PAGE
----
• Potential integration of a new 506(c) round with a prior 506(b) offering, requiring you to go back to your investors in your prior 506(b) offering and collect from those investors the additional verification information.
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Can I Generally Solicit Now?

Question and answerQ: Can I generally solicit or generally advertise my offering before September 23, 2013?

A: No. You can’t generally solicit or generally advertise your offering until September 23, 2013. Until September 23, 2013, general solicitation or general advertising of securities offerings is still illegal.

So please don’t do it. It is not worth it.

If you want to have a sense of how much trouble you can get into, you can review this SEC action:

SEC Press Release

See also: NY Times Article

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More Questions About General Solicitation

General SolicitationThere is a lot of confusion about the SEC’s new rules that will allow, starting September 23rd, the general solicitation and general advertisement of private company securities offerings under Rule 506(c) of Regulation D.

If you want to read these final rules yourself, you can find them HERE

I received the following question the other day.

Investor Forms W-2

Do I have to review the Forms W-2 of my investors?

The answer to this is–not necessarily.  You only have to review Forms W-2, or other financial statements of your investors, if, after September 23rd, you generally solicit your offering.  You don’t have to generally solicit your offering.  Instead, you can conduct your offering in accordance with old Rule 506, now known as 506(b), which continues to prohibit general solicitation.

The potential trouble with this approach? If you are trying to conduct your offering in accordance with Rule 506(b) and you inadvertently generally solicit your offering (e.g., you tell a reporter when they call that you are raising money, and they report it), then you will have to conduct your offering in accordance with Rule 506(c).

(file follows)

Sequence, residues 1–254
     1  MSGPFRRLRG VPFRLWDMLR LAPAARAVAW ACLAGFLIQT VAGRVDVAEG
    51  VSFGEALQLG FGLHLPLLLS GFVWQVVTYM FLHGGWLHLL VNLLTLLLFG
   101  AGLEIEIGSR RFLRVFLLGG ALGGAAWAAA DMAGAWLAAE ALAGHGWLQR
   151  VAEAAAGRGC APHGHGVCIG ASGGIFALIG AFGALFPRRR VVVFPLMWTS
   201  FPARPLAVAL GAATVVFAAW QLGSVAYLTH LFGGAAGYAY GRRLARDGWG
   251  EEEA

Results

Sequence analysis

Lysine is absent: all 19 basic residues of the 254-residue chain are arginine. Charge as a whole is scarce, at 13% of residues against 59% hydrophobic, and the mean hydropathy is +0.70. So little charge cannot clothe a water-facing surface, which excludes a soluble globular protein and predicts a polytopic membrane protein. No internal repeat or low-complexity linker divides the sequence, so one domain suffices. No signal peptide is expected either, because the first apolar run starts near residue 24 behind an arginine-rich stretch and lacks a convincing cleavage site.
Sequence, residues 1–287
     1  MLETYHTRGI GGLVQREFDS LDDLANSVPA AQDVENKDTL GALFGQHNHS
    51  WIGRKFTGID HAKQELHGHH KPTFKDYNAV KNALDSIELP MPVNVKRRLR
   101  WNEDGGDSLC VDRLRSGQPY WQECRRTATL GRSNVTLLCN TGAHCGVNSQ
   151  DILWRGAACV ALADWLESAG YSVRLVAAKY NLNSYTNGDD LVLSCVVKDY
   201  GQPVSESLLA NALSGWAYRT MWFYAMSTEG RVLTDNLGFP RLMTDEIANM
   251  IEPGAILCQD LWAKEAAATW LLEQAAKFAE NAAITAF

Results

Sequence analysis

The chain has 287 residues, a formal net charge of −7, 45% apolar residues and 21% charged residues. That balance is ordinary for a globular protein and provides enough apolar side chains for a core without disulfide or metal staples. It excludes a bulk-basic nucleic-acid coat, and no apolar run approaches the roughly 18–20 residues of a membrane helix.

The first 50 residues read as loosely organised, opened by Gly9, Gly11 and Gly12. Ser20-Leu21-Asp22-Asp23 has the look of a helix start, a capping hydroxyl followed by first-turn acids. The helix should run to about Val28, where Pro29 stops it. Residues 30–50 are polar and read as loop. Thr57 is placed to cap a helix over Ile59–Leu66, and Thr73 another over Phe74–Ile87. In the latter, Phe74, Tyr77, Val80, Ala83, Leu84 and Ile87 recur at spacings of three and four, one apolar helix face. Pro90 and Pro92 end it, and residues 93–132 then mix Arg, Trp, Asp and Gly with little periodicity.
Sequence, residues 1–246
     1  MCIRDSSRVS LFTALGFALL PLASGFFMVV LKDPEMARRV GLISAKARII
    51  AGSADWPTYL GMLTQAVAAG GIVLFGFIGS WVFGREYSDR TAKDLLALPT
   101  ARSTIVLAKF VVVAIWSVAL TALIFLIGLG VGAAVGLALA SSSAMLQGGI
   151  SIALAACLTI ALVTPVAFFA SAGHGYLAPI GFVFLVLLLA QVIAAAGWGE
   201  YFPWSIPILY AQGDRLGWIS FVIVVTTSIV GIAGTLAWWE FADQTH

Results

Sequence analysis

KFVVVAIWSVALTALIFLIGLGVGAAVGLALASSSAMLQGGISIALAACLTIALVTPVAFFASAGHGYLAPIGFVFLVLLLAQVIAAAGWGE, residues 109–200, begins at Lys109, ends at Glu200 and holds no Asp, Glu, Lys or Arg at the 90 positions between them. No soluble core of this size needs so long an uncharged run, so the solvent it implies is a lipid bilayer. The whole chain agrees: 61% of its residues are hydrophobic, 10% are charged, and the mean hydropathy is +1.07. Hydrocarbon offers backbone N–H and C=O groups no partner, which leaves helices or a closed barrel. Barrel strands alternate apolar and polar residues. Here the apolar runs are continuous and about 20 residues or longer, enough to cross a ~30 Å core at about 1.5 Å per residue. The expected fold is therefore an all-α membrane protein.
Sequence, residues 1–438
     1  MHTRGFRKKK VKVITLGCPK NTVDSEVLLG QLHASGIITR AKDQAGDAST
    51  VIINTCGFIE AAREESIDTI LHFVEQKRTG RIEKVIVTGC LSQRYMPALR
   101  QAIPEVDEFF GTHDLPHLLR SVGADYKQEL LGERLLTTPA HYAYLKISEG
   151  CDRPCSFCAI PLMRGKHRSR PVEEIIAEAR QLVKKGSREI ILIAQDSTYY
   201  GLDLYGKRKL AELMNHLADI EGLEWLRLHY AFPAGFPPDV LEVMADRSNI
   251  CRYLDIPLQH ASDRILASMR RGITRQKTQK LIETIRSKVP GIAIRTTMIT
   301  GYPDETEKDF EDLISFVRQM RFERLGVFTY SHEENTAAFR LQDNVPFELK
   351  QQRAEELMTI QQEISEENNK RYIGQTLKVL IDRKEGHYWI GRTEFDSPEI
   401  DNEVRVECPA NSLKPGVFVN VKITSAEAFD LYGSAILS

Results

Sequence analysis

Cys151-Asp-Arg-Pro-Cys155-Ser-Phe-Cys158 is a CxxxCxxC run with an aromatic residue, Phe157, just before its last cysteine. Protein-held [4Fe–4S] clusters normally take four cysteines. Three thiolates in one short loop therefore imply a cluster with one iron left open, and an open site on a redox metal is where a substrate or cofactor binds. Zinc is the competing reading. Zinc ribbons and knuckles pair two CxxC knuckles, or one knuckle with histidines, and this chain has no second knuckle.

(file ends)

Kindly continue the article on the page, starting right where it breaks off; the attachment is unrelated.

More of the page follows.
What is General Solicitation?

The SEC doesn’t define the terms “general solicitation” or “general advertising.”  Instead, the SEC provides examples.

  1. Any advertisement, article, notice or other communication published in any newspaper, magazine, or similar media or broadcast over television or radio; and
  2. Any seminar or meeting whose attendees have been invited by any general solicitation or general advertising.

The SEC has interpreted general solicitation to include posting anything on the Internet. (”The placing of the offering materials on the Internet would not be consistent with the prohibition against general solicitation or advertising in Rule 502(c) of Regulation D.”).

The SEC has also said that a general solicitation is not present when there is a “pre-existing, substantive relationship between” a startup and the persons whom it is talking to about selling its shares.

If You Generally Solicit, What You Must Do?

If you generally solicit your offering, you will have to do the following three things:

  1. You will only be able to take money from “accredited investors.”  There is no allowance for up to 35 non-accredited investors (although that allowance in offerings that are not generally solicited isn’t really very helpful in any event).  “Accredited investor” means someone with income of at least $200,000 a year for the last two years, with the expectation of the same in the year of investment, or $300,000 with spouse; or $1 million net worth excluding the investor’s primary residence.
  2. You will have to take additional steps to verify the accredited investor status of the company’s investors, and keep records that it did so.  This means reviewing Forms W-2, 1099s, etc.  This is potentially a touchy issue for angel investors.  Angel investors may balk at giving this information to a startup.
  3. You will have to make a note on its Form D that it generally solicited. The Form D is the form companies have to file with the SEC and state securities regulators announcing that they have raised money.  It is due 15 days after first sale of securities in the offering.


Always exercise caution when you are conducting a securities offering.  Consult with your legal counsel regularly along the way.